Children Don’t Need More Free Time, They Need More Attention From Their Parents

Children Don’t Need More Free Time, They Need More Attention From Their Parents

Selfish and lonely parents are disregarding the importance of bonding with their children, and it's leading to a generation of lonely, isolated kids.
Auguste Meyrat
By

In a recent article in The New York Times, writer Kim Brooks brings up a serious problem that has arisen in the past decade: On the whole, kids have become sadder and lonelier. To make her point, she cites the increasing rates of depression among young people and quotes psychologist Peter Gray, who suggests a connection between structured school environments and suicidal ideation.

Brooks concludes kids need more time and space to play and interact with others. As it stands, she suggests, the children are confined and set to work on academic drills like prisoners in a labor camp.

In identifying this problem with today’s youth, Brooks is correct. Many teachers and parents have noticed something different with the current generation of kids: They seem more sluggish, introverted, yet constantly tense.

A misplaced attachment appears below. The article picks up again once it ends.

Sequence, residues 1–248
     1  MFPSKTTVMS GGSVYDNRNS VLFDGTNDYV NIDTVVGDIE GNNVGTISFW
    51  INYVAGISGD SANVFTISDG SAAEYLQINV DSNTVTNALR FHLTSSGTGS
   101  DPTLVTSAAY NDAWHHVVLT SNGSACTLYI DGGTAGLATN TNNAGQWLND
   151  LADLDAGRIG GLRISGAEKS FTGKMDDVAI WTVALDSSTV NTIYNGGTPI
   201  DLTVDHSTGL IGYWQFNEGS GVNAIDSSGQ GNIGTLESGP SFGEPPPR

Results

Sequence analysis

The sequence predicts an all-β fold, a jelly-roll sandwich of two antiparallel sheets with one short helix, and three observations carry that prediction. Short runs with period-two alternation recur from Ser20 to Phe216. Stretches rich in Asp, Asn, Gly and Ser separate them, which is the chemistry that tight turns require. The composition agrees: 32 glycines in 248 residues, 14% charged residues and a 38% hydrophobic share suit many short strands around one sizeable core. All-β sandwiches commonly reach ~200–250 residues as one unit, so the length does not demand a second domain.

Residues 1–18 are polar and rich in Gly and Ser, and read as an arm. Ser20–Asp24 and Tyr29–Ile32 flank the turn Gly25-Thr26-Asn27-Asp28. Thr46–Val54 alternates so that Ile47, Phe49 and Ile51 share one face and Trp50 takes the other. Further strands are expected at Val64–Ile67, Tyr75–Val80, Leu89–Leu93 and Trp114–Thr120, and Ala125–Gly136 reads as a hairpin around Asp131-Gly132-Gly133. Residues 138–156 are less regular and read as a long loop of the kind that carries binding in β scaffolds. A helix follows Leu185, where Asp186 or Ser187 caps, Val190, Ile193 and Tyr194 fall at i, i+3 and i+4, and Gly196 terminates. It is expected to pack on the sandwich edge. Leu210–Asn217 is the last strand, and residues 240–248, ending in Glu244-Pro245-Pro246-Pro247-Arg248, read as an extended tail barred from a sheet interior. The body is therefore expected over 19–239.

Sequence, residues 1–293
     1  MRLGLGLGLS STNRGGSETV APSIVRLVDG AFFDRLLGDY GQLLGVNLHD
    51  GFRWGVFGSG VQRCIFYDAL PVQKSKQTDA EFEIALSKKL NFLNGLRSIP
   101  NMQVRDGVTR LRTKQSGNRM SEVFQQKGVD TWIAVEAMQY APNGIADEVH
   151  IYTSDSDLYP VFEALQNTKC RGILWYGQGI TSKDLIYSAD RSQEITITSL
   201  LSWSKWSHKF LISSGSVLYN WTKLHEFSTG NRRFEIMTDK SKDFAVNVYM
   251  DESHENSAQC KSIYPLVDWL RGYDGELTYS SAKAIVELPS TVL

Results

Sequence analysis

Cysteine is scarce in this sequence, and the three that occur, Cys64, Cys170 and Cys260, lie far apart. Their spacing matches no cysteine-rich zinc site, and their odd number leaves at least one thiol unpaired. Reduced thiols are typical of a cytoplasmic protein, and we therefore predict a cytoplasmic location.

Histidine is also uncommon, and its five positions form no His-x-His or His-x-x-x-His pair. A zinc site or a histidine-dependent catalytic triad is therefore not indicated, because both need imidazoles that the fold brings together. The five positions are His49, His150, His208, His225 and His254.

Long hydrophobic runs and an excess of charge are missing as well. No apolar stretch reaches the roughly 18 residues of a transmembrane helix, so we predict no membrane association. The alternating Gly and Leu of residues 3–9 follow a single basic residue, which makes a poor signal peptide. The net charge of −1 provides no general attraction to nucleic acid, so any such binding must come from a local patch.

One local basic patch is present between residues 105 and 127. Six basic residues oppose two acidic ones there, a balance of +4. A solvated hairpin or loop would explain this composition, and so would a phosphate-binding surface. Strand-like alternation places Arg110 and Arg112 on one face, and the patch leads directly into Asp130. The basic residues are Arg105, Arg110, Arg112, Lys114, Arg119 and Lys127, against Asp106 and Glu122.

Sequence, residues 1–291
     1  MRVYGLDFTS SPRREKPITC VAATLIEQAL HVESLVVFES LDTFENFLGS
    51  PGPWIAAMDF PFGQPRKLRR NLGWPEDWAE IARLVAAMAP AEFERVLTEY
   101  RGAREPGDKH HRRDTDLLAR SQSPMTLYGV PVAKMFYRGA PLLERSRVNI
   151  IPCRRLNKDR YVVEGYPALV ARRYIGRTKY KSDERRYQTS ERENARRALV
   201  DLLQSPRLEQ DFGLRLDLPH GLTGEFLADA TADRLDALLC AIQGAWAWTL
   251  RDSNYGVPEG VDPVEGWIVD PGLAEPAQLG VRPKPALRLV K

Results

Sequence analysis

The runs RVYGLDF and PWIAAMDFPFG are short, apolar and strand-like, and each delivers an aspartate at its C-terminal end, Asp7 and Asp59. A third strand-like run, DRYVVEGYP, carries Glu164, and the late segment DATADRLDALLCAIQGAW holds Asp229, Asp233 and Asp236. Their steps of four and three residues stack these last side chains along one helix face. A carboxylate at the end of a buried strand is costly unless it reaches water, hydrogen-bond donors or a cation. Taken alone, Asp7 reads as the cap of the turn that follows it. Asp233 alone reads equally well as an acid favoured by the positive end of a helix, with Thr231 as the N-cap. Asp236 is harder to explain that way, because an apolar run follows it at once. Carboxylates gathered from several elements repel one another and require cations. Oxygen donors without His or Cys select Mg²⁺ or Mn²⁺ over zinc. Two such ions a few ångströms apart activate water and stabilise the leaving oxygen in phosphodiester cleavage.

Much of this has to do with the fact that many have screens constantly casting a pale glow on their expressionless faces, but this is the effect of a deeper problem. Kids have come to fear real-life interaction and try to minimize personal contact as much as possible — so they hide behind their phones, distract themselves to relieve the tension, and make memes about how unbearably awkward and depressing everything is.

Parents and educators often welcome this (they are the ones providing those smartphones and iPads, after all) because it sedates normally rowdy children. Prescribing Ritalin and Adderall en masse was a thing for millennials growing up in the ’90s and early ’00s. The iGen now has screens in addition to medication, which often work better at tempering hyperactivity and neutralizing negative emotions but also result in more isolation.

Brooks notes the role of technology in the widespread depression among children but rightly sees this as more a symptom than a cause: “Children turn to screens because opportunities for real-life human interaction have vanished.” Screens do not make kids sad and lonely; sad and lonely kids tend to rely more on screens for consolation. Therefore, taking away the screens will likely not fix the problem but just make it more painful.